Georgy Porgy by Roald Dahl, 1960
by Roald Dahl, 1960
The title of Roald Dahl's story "Georgy Porgy," collected in Kiss, Kiss (1960), comes from the old English nursery rhyme:
Georgie Porgie, pudding and pie,
Kissed the girls and made them cry;
When the boys came out to play,
Georgie Porgie ran away.
According to Peter and Iona Opie in The Oxford Dictionary of Nursery Rhymes, "Numerous guesses have been hazarded that an historical character is portrayed … no evidence is vouchsafed." The rhyme is surely about sexual furtiveness and timidity, the theme of Dahl's story. The tale belongs to the genre dating from the nineteenth century in which the narrator is a madman whose craziness is gradually revealed, with a startling climax at the end. Toward the end of the nineteenth century the Gothic tradition drew on the idea of divided self to yield stories of the unconscious. Freudianism, with its emphasis on the concealed, was a gift to the genre, and Dahl seized on it to write a horror story that takes place beneath a smooth social surface intermittently disrupted. In his ability to give the reader a frisson, Dahl is the heir of Poe.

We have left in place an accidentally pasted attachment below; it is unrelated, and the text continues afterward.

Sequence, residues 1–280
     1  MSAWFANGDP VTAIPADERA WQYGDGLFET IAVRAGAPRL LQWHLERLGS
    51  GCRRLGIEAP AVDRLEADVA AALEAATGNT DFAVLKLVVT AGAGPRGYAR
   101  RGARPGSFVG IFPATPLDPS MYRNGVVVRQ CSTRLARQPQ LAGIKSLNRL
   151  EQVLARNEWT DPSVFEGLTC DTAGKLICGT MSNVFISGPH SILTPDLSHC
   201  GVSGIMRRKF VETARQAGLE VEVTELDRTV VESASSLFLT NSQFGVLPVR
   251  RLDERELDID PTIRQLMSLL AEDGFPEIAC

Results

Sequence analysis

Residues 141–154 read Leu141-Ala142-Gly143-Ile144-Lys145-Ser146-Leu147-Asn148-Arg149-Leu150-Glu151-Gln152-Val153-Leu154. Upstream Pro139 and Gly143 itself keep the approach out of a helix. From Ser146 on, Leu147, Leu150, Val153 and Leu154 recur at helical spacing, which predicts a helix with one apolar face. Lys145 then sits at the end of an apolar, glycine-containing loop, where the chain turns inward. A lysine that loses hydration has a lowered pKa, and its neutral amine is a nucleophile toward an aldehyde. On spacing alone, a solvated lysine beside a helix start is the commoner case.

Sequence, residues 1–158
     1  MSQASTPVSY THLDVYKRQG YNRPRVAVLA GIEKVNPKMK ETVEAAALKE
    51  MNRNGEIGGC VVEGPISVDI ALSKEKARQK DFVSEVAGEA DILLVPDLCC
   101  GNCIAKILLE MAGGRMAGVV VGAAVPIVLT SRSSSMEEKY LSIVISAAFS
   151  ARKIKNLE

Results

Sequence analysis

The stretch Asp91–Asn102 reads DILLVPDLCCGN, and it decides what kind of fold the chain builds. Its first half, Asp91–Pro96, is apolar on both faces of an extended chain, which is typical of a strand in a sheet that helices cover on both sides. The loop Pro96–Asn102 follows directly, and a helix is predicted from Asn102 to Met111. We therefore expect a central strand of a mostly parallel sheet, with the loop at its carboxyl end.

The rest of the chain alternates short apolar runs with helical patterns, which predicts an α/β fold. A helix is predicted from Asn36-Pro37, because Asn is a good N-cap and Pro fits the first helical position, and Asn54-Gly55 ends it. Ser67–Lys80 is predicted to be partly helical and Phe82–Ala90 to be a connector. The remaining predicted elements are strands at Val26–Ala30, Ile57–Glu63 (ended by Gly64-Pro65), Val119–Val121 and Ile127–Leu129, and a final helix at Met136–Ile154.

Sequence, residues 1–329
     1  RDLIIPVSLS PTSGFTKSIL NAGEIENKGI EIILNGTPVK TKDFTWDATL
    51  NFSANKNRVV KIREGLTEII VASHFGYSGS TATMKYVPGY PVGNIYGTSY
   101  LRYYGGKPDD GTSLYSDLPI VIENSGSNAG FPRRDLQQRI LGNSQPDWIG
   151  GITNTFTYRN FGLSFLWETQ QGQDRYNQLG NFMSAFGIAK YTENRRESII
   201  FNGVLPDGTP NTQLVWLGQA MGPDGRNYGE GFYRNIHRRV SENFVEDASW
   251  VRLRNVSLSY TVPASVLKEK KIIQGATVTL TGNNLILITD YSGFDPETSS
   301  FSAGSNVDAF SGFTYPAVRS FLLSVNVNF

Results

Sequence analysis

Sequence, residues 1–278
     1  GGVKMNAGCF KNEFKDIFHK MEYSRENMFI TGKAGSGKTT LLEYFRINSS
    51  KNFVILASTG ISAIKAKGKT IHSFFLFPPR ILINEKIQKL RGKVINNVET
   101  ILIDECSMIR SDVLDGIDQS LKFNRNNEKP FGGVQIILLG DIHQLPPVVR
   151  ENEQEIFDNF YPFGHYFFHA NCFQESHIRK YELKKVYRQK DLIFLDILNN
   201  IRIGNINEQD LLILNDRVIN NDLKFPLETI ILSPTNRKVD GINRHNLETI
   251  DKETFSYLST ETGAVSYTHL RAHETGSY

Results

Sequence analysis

The rationale is clear to the reader, though not entirely so to the protagonist. It is immediately apparent that there is a gap between the narrator's perceptions and our own when George says that he is "moderately matured and rounded" and when he makes the odd claim that he "speaks Greek and Latin." While many educated gentlemen can claim literacy in these languages, to write of speaking them immediately alerts us to possible eccentricity. The mention of speaking in "the pulpit" at the end of the first paragraph informs us that the narrator is a clergyman. He confesses to a horror of women, which is manifested in a phobia about touching them. His interpretation of this anxiety is eccentric. In the schoolboy, says the narrator, "It is simply Dame Nature's way of putting on the brakes and holding the lad back until he is old enough to behave himself like a gentleman. I approve of that." A strange view of nature is established here. George's manifestly ugly physique is described with equally imperceptive smugness. The narrator is clearly out of touch with his own feelings, and the reader's unease, although tinged with amusement, is aroused. George admits to longing for the "full-blown violent embrace" on the dance floor. As a country vicar he is, of course, surrounded by women and is therefore "as jumpy as a squirrel."
George remembers his "wonderful" mother, who to us is a flashy eccentric. She smoked incessantly and had "progressive" notions about children tasting alcohol and being informed about the facts of life. There should be, she thought, no secrets from children. She embarrasses her husband by starting to tell the son the facts of life but forbids either of them to feel ashamed.